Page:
Hobby Lobby and the stolen Iraq artifacts

The crafts company Hobby Lobby has been fined $3 million and asked to return over 5,000 stolen artifacts to Iraq. The name of the company may be familiar to some because they were behind a victorious lawsuit that went all the way to the US Supreme Court because they argued that the religious beliefs of the owners of the company should allow them to not provide contraceptive coverage in the employees’ health insurance policies. Yes, the family that owns the company consists of religious zealots.

So why would a craft company want to purchase antiquities from Iraq? Because the owners want to build a Bible museum near the National Mall in Washington, DC and they needed stuff to show there. Of course, being the pious types they are, they are shocked, shocked I tell you, that they were indulging in illegal activities when they purchased these items of dubious provenance from shadowy figures.

The company’s president, Steve Green, is the chairman and founder of the Museum of the Bible, which is under construction in Washington, D.C.

The artifacts being forfeited include cuneiform tablets and bricks, clay bullae and cylinder seals. Cuneiform is an ancient system of writing on clay tablets.

“At no time did Hobby Lobby ever purchase items from dealers in Iraq or from anyone who indicated that they acquired items from that country,” Green said in his statement. “Hobby Lobby condemns such conduct and has always acted with the intent to protect ancient items of cultural and historical importance. …

“We have accepted responsibility and learned a great deal,” Green added, saying that the company has now “implemented acquisition policies and procedures based on the industry’s highest standards.”

That plea of ignorance may have been plausible except that experts had warned them of the dangers of buying looted items and to be careful. But being the good Christians they are, they said the hell with it and ignored those warnings in their greed to get their hands on potential museum items.

Federal prosecutors say that when Hobby Lobby, which is based in Oklahoma City, began assembling its collection it was warned by an expert on cultural property law to be cautious in acquiring artifacts from Iraq, which in some cases have been looted from archaeological sites.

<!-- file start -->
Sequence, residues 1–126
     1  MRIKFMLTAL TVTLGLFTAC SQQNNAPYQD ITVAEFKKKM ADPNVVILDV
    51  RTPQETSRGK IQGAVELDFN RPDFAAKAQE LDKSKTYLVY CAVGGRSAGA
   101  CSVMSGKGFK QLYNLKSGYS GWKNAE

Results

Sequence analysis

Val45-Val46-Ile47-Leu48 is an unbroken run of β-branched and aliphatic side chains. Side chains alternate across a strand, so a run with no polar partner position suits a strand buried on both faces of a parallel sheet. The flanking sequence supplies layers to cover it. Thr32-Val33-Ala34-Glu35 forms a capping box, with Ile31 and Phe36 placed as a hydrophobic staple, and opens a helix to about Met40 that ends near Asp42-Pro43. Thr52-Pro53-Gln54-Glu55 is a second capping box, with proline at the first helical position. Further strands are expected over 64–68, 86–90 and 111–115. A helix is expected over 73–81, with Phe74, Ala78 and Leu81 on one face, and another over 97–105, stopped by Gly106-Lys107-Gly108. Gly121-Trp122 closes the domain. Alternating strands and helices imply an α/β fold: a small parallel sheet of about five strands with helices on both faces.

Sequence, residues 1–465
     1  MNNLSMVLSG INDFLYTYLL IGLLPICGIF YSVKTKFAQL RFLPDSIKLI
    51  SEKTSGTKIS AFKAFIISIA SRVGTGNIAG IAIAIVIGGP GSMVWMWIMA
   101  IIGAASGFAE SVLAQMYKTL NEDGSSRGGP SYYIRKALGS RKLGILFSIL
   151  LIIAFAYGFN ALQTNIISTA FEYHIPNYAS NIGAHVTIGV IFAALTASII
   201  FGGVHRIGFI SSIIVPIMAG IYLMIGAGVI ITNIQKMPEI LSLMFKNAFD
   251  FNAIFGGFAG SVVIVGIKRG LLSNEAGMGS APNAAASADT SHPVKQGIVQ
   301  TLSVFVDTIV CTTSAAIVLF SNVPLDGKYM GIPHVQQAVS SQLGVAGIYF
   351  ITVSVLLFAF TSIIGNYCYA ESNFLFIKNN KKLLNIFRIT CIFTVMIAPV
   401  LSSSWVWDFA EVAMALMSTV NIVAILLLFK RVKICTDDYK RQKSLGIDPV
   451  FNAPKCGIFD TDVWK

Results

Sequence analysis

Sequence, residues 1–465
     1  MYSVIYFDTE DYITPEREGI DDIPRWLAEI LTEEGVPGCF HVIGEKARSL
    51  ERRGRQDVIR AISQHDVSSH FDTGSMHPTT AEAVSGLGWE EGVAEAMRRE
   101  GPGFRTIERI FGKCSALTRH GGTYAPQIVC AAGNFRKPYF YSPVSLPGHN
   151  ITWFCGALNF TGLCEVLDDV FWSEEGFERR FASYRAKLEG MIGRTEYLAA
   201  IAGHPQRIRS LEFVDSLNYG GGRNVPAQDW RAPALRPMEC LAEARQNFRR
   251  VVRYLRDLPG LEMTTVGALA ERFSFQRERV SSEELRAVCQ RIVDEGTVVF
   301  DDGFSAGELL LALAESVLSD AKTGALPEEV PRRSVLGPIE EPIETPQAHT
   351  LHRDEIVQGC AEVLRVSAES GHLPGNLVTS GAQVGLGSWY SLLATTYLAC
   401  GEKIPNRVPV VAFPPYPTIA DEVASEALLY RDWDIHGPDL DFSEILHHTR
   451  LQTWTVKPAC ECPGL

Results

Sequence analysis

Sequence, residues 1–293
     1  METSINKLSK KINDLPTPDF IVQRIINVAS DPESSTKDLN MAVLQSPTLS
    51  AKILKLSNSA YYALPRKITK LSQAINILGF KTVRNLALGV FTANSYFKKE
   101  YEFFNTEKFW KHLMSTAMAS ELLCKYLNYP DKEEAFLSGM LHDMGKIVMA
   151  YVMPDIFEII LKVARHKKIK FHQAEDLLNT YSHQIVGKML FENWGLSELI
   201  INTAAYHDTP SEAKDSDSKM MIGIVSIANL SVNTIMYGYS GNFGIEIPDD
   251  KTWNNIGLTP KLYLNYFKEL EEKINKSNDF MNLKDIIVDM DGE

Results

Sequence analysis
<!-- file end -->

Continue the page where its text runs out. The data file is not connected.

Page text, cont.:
Despite that warning and other red flags the company in December 2010 purchased thousands of items from a middle-man, without meeting the purported owner, according to prosecutors.

Instead of antiquities, the Bible museum should instead mount screens all over that show Eddie Izzard clips about religion and Christianity, such as the one below.

If Ken Ham had put in clips where Izzard talks about the Ark into the Ark Museum in Kentucky, that would be a lot more fun and ensure higher attendance than the numbers Ham is complaining about.


  1. says

    Well, I’m just surprised that Hobby Lobby didn’t invoke the Religious Freedom Restoration Act for their defense and claim that they had a sincerely held religious belief that Jeezus wanted them to have those artifacts for their museum.

    And given the current make-up of the Supreme Court, that might even have worked.

  2. cartomancer says

    Surely they must have known that these were artifacts from Iraq. Yes, cuneiform script was used across the ancient Near East, but different peoples used it to write down different languages. You can tell where it came from by which language the script was used to write. Hittite texts would be from Turkey. Ugaritic texts would be from Syria. Old Persian or Elamite texts would be from Iran (as would the handful of Aramaic texts written in cuneiform, rather than the Syriac or Phoenician scripts). If they were in Akkadian, Sumerian or a Neo-Babylonian language then the chances they were from somewhere other than Iraq are vanishingly small.

    Unless of course the people at Hobby Lobby didn’t know what language the texts on the artefacts were in. In which case they have no business opening a museum with them in the first place.

  3. Dunc says

    You don’t even need to know where the artifacts are from. If you’re buying a job lot of antiquities at bargain prices, they’re looted. The only possible defense I can see here is one of monumental stupidity.

  4. blf says

    (Cross-posted from poopyhead‘s…)

    Whilst the provenance isn’t known, it is not impossible some of the artifacts were looted and/or sold via daesh or al-qaeda, both of whom are known to deal in similar specimens as one source of financing.

  5. secondtofirstworld says

    @Dunc #3: I highly disagree. There’s a “lucrative” niche market for the forgeries of the antique, so if a person is well by fortune they made, it would be just too logical to authenticate them before it turns out to be expensive crap, even if it’s not war loot.

    Speaking of which, I don’t quite get, why this isn’t a bigger story. It’s well documented, that artifacts from regions currently or formerly under ISIS or Al-Qaeda control are being sold to sponsor terrorism, so the FBI Counter-terrorism Unit should be all over this, like 6 years ago.

  6. rjw1 says

    Christians don’t seem to be troubled by the fact that deciphering of the cuneiform texts revealed the extent to which the Bible authors plagiarized earlier Sumerian myths.

    @2 cartomancer,

    Akkadian was, for centuries, the diplomatic language of the Near East, so it’s an exception to your generalization. I’d agree that the Phillistines at Hobby Lobby would probably have no idea of the language, provenance or antiquity of the texts.

  7. says

    So, Daesh “destroys” Palmyra, by which they mean loot it and sell it off to the highest bidder.
    Conservative Christians claim this is evidence all Muslims are evil.
    Conservative Christians buy the artifacts and help Daesh kill more Muslims.

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